Yay for trios! And hooray for complicated characters! This book contained no murder whatsoever, which made me sad, but I survived. (So did everyone else, which is a problem, but here we are.)
In all seriousness, we have two men who love each other deeply but have worked themselves to a point in their marriage where they can’t be together. We all know those people. Maybe we’ve even been those people. It’s easy to relate to Graham and Calvin. (I found it easier to relate to Calvin, but that may just be me and I still liked Graham.)
Emory shows up in their lives – separately – and they find a way back together. It’s very simple and incredibly complicated, all at the same time.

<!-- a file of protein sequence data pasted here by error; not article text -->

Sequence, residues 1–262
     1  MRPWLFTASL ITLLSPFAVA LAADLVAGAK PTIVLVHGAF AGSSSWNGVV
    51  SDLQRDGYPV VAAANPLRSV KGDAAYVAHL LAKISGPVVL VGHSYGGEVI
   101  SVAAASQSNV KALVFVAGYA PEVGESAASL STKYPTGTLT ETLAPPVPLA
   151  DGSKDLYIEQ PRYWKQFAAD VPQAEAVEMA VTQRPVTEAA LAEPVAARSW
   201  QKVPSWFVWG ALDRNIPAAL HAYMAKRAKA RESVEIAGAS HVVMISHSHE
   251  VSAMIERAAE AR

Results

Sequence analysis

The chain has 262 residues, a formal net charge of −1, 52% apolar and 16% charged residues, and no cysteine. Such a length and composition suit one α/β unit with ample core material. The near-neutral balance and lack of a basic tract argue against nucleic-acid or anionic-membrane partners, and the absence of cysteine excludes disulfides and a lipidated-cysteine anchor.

Emory is a little bit less relatable than Calvin and Graham, and a bit less likeable. In the end, though, I wound up hoping for his happy ending too.
A few things felt rushed, and there were a few scenes where Chekhov’s Gun failed to fire. I’m wondering if some scenes wound up cut from the final version, and in the end it didn’t matter. I still cried, and cried a lot. (Fortunately, the Spouse had dozed off and didn’t see.)
You won’t regret picking this book up.